keywords = "Granule cells, Hypothalamic projection, Interneurons, Pyramidal cells",
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T1 - Principal cells are the postsynaptic targets of supramammillary afferents in the hippocampus of the rat

AU - Maglóczky, Z.

AU - Acsády, L.

AU - Freund, T.

PY - 1994

Y1 - 1994

N2 - Neurons of the supramammillary nucleus are known to fire phase-locked to hippocampal theta rhythm. Stimulation of this area induces theta activity in the hippocampus via the medial septum and facilitates perforant pathway stimulation-evoked population spikes in the dentate gyrus even it the medial septum is inactivated. This latter effect was suggested to be due to a direct inhibitory input from the supramammillary nucleus to hippocampal nonpyramidal cells resulting in disinhibition. In the present study, using anterograde tracing with Phaseolus vulgaris leucoagglutinin, we aimed to identify the types of neurons innervated by the supramammillary projection in the dentate gyrus and Ammous horn, with particular attention to the presumed postsynaptic inhibitory neurons, which may mediate the proposed disinhibitory action. Double-immunostaining for the tracer and different neuropeptides (somatostatin, cholecystokinin, neuropeptide Y) or calcium binding proteins (calretinin, parvalbumin, calbindin D(28K)) present in different subpopulations of interneurons revealed no multiple contacts between supramammillary afferents and labeled inhibitory cells at the light microscopic level. Furthermore, postembedding immunostaining of electron microscopic sections for GABA demonstrated that none of the 68 PHAL-labeled supramammillary boutons examined and none of their postsynaptic targets were immunoreactive for the inhibitory neurotransmitter. We conclude, therefore, that most if not all postsynaptic targets of the supramammillary projection are principal cells both in the dentate gyrus and in the CA2-CA3a subfields. This suggests that a mechanism other than disinhibition is responsible for the facilitatory effect of this pathway on hippocampal evoked activity.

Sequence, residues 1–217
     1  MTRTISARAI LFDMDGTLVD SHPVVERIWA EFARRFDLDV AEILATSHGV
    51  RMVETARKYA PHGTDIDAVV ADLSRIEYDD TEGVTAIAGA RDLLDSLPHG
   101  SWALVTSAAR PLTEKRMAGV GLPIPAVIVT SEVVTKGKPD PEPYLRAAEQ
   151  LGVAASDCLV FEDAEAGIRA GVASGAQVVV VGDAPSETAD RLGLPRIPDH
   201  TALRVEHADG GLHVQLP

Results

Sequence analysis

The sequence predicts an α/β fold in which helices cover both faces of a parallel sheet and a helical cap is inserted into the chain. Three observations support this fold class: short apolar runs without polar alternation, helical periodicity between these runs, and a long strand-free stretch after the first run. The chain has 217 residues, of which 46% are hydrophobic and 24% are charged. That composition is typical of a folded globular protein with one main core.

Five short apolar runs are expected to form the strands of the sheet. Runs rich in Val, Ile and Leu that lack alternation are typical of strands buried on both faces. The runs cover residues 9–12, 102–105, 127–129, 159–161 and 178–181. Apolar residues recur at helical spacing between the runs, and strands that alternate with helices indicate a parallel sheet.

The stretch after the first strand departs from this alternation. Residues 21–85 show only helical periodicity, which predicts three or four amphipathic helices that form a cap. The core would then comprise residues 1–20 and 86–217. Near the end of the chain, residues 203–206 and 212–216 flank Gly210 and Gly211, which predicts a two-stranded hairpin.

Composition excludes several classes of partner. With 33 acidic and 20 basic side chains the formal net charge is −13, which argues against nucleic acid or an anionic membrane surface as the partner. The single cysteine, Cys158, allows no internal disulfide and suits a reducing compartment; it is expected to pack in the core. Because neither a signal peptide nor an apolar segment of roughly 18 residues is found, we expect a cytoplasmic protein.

AB - Neurons of the supramammillary nucleus are known to fire phase-locked to hippocampal theta rhythm. Stimulation of this area induces theta activity in the hippocampus via the medial septum and facilitates perforant pathway stimulation-evoked population spikes in the dentate gyrus even it the medial septum is inactivated. This latter effect was suggested to be due to a direct inhibitory input from the supramammillary nucleus to hippocampal nonpyramidal cells resulting in disinhibition. In the present study, using anterograde tracing with Phaseolus vulgaris leucoagglutinin, we aimed to identify the types of neurons innervated by the supramammillary projection in the dentate gyrus and Ammous horn, with particular attention to the presumed postsynaptic inhibitory neurons, which may mediate the proposed disinhibitory action. Double-immunostaining for the tracer and different neuropeptides (somatostatin, cholecystokinin, neuropeptide Y) or calcium binding proteins (calretinin, parvalbumin, calbindin D(28K)) present in different subpopulations of interneurons revealed no multiple contacts between supramammillary afferents and labeled inhibitory cells at the light microscopic level. Furthermore, postembedding immunostaining of electron microscopic sections for GABA demonstrated that none of the 68 PHAL-labeled supramammillary boutons examined and none of their postsynaptic targets were immunoreactive for the inhibitory neurotransmitter. We conclude, therefore, that most if not all postsynaptic targets of the supramammillary projection are principal cells both in the dentate gyrus and in the CA2-CA3a subfields. This suggests that a mechanism other than disinhibition is responsible for the facilitatory effect of this pathway on hippocampal evoked activity.